Campaigns by the National Collegiate Athletic Association and Native American groups have led most universities that had Native American team names to eliminate them. But Eastern Michigan University, one of those universities, is bringing back (in part) use of the Hurons logo that was replaced with Eagles in 1991, The Detroit News reported. The marching band will now have uniforms that include the Eagles, the Hurons and the Normalites (the original logo). Officials say that they are not violating the NCAA ban (because of an exemption for historical uses of old names) and that the use of all three mascots on the uniform will unite alumni from different eras. Some alumni who remain loyal to the Hurons name are cheering the shift. But Fay Givens, director of American Indian services, said, "I don't like native people being used as mascots in any situation."
In today’s Academic Minute, Nancy Kiang of Columbia University’s Earth Institute explains a recent discovery that hints at the potential color of extraterrestrial plant life. Learn more about the Academic Minute here.
The debt collection industry is benefiting from the large numbers of people in default on their student loans, The New York Times reported. In the last fiscal year, the U.S. Education Department paid collection agencies more than $1.4 billion to try to collect debts. Critics argue that the government should be doing more to help borrowers avoid default, rather than focusing on collecting the debts. The article opens with a column from a collection industry trade publication in which the author describes attending a rally at New York University at which students angry about debt wore T-shirts with their large, personal debt totals on them -- $95,000, $60,000 and so forth. "As I wandered around the crowd of NYU students at their rally protesting student debt at the end of February, I couldn’t believe the accumulated wealth they represented – for our industry," the columnist wrote. "It was lip-smacking."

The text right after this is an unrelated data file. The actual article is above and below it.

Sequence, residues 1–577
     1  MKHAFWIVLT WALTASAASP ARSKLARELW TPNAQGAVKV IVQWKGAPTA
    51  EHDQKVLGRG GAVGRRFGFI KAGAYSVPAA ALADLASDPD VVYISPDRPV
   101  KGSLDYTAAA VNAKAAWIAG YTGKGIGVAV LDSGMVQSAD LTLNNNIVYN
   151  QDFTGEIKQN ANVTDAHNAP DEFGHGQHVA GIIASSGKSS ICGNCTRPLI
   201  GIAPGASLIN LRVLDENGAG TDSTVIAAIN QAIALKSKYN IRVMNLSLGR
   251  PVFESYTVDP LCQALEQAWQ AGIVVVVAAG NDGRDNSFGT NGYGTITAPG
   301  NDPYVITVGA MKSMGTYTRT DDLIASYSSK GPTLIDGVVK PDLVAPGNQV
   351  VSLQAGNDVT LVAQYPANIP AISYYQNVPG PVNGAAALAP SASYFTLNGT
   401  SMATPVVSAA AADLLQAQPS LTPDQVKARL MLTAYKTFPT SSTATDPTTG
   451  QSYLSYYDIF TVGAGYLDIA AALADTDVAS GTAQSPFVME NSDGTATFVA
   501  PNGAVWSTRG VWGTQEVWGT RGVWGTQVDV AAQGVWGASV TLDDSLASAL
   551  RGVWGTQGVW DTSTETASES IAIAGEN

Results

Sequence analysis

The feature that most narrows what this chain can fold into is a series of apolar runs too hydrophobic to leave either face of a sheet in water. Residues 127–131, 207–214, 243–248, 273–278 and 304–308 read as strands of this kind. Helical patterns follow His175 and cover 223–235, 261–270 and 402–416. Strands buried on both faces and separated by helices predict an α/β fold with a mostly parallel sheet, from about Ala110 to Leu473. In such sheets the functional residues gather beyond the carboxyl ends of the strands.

A new ranking of colleges -- the Alumni Factor -- will debut today. As the name suggests, most of the criteria are based on alumni views of their own colleges. Only 2 of the 15 criteria do not come from alumni surveys. Four of the criteria are related to wealth: average household income, percentage of graduates in high-income households (above $150,000), average net worth of households, and percentage of graduates in high net worth households (above $1 million). Other criteria -- such as preparation for job success and immediate job opportunities -- focus on careers generally, not pay. The new ranking effort is led by Monica McGurk, formerly of McKinsey and Company. In an interview, McGurk said that her company has figured out a reliable way to get representative samples of alumni to survey and that these names are not provided by their alma maters. She said that typically about 200 alumni are needed per college, and that they are evenly distributed in age, but that people are not surveyed until they are at least two years out of college. She declined to say how the company identifies the alumni.